Now is the right time to become an American Federation of Musicians member. From ragtime to rap, from the early phonograph to today's digital recordings, the AFM has been there for its members. And now there are more benefits available to AFM members than ever before, including a multi-million dollar pension fund, excellent contract protection, instrument and travelers insurance, work referral programs and access to licensed booking agents to keep you working.
As an AFM member, you are part of a membership of more than 80,000 musicians. Experience has proven that collective activity on behalf of individuals with similar interests is the most effective way to achieve a goal. The AFM can negotiate agreements and administer contracts, procure valuable benefits and achieve legislative goals. A single musician has no such power.
The AFM has a proud history of managing change rather than being victimized by it. We find strength in adversity, and when the going gets tough, we get creative - all on your behalf.
Like the industry, the AFM is also changing and evolving, and its policies and programs will move in new directions dictated by its members. As a member, you will determine these directions through your interest and involvement. Your membership card will be your key to participation in governing your union, keeping it responsive to your needs and enabling it to serve you better. To become a member now, visit www.afm.org/join.
As part of the new $3.5 trillion budget plan, labor groups are pushing lawmakers to include a provision that would allow workers to deduct the cost of union dues from their taxable income. Such a tax break could reduce the cost of union membership and encourage more workers to join unions. One union source says […]Read More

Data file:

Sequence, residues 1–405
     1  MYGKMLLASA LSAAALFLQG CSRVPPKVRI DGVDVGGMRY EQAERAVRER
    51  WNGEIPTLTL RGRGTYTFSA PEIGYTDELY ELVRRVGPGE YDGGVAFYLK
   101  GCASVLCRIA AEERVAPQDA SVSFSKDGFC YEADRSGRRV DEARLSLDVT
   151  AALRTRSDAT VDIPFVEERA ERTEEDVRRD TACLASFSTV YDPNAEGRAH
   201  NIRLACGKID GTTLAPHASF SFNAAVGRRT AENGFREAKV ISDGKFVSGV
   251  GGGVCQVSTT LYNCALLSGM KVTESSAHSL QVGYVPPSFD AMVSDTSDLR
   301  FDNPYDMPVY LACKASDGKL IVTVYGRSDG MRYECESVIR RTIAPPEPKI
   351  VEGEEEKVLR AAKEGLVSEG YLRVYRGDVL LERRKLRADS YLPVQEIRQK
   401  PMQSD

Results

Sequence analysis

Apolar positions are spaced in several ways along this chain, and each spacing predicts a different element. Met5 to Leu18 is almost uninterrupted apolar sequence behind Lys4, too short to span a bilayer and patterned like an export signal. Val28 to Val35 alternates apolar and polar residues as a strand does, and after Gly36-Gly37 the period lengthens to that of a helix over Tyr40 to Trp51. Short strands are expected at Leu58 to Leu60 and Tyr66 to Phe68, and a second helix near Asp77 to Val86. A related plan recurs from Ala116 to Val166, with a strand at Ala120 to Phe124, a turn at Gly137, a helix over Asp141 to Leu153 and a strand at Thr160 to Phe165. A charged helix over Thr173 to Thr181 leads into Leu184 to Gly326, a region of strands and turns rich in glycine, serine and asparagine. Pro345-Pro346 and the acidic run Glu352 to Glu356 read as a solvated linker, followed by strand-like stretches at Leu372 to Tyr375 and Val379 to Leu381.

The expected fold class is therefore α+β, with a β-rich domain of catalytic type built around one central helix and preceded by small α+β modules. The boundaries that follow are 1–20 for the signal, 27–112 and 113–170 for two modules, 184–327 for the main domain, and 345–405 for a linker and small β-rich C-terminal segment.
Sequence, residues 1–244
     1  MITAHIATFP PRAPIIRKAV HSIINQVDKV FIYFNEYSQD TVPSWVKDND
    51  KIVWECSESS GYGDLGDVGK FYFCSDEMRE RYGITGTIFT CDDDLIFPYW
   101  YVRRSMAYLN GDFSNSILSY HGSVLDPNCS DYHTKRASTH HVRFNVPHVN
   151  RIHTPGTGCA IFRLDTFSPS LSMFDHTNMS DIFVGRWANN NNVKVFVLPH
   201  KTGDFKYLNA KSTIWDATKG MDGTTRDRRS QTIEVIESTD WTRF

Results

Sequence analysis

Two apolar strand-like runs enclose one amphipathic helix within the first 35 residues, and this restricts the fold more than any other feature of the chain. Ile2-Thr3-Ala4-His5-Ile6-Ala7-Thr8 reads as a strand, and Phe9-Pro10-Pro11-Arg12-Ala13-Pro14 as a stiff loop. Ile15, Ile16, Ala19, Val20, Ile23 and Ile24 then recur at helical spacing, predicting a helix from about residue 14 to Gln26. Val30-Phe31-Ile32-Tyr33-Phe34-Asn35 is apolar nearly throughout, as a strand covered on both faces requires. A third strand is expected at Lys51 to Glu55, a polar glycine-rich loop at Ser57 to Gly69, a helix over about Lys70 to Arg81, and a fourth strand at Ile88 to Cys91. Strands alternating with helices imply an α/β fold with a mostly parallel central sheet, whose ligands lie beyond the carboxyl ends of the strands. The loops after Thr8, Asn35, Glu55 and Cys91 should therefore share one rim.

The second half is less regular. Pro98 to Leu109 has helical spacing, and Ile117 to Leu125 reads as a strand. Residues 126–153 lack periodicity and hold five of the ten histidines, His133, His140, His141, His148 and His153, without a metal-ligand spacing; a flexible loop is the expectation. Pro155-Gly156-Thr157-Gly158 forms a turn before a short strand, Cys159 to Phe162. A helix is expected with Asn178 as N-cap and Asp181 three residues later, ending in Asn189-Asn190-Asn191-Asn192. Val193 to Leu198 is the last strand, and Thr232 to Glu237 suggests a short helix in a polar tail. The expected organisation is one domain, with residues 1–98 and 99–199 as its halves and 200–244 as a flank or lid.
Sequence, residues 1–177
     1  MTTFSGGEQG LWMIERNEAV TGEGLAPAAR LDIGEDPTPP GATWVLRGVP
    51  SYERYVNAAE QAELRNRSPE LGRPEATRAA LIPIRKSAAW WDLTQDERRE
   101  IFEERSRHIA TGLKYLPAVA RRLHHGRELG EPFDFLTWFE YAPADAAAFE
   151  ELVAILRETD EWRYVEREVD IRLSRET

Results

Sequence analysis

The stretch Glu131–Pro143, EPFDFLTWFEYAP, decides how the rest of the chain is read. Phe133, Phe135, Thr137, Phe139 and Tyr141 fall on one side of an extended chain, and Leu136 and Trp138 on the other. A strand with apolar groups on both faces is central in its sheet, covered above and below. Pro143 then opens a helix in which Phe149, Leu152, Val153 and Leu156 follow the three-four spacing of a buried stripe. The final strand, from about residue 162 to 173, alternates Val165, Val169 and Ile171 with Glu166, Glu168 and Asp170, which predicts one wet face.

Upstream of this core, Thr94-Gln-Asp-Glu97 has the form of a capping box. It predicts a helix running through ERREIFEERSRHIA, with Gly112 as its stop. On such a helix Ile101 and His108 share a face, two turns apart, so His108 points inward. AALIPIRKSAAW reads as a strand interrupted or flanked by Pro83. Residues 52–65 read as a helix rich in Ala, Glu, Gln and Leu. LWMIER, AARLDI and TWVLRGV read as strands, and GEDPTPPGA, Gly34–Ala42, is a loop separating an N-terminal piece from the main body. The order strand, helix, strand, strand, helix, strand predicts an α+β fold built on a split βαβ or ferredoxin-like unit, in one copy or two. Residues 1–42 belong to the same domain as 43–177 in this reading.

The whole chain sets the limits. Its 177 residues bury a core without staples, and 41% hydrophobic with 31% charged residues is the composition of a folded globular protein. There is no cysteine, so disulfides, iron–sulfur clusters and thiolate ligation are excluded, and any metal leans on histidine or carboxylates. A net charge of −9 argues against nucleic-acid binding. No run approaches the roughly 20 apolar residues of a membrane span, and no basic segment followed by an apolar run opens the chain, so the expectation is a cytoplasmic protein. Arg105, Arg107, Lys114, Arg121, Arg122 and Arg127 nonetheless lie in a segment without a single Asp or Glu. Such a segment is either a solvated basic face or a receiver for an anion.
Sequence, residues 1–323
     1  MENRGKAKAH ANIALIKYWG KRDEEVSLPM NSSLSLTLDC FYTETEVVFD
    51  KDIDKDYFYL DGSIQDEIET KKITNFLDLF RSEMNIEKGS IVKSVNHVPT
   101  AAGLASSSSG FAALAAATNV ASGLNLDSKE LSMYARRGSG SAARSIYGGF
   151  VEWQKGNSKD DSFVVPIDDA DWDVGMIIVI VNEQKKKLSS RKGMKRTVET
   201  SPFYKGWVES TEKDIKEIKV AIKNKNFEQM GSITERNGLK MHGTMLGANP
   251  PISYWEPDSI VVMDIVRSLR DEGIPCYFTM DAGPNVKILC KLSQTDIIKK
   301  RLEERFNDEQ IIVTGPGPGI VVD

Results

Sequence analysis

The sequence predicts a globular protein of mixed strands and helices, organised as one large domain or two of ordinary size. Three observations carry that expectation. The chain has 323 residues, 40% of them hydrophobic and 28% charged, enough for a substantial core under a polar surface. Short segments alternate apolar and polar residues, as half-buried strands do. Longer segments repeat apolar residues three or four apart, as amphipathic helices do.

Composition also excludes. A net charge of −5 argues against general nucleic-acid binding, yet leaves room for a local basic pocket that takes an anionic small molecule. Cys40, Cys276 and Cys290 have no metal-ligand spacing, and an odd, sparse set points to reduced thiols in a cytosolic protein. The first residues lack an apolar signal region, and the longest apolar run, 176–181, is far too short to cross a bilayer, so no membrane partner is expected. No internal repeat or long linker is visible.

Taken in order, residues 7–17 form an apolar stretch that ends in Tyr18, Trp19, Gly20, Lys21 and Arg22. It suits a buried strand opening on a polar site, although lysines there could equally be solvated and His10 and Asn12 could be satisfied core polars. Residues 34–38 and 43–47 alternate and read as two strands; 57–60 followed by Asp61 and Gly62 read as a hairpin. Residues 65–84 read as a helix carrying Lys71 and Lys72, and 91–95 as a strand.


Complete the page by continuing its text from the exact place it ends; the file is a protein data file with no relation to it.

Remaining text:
by Ray Hair, AFM International President I am pleased to report that the Federation has completed negotiations with the Broadway League and Disney Theatrical Productions for an extension to the Pamphlet B Touring Theatrical Musicals and Short Engagement Touring (SET) Agreements and for a comprehensive Health and Safety Manual (“Safety Manual”) applicable to all musicians […]Read More
by Jay Blumenthal, AFM International Secretary-Treasurer On Thursday, August 5, we were all stunned to learn that AFL-CIO President Richard Trumka passed away unexpectedly at the age of 72. Rich was the president of the AFL-CIO for the past 12 years. During the four terms he served as president, he built a strong AFL-CIO leadership […]Read More
by Alan Willaert, AFM Vice President from Canada The Bad Despite the fact that we are all completely fed up with the pandemic, we continue to be hampered by the new realities COVID has served up. Venues are still limited, in terms of occupancy, and now access is often restricted to those who have received […]Read More
by Dave Pomeroy, International Executive Board Member and President of Local 257 (Nashville, TN) Over the past few decades, even before the pandemic, almost everything about the way we make records has been transformed. Hit recordings are being made in bedrooms and basements as well as big commercial studios. Music consumers have more choices than […]Read More
by Marc Sazer, Recording Musicians Association President and Member of Local 47 (Los Angeles, CA) and Local 802 (New York City) Research. Organizing. Contract compliance. Collective bargaining. These are all inextricably intertwined, and fundamental to our union—any labor union. The AFL-CIO, UCLA Labor Studies Center, and Labor Studies School at Cornell all focus on research […]Read More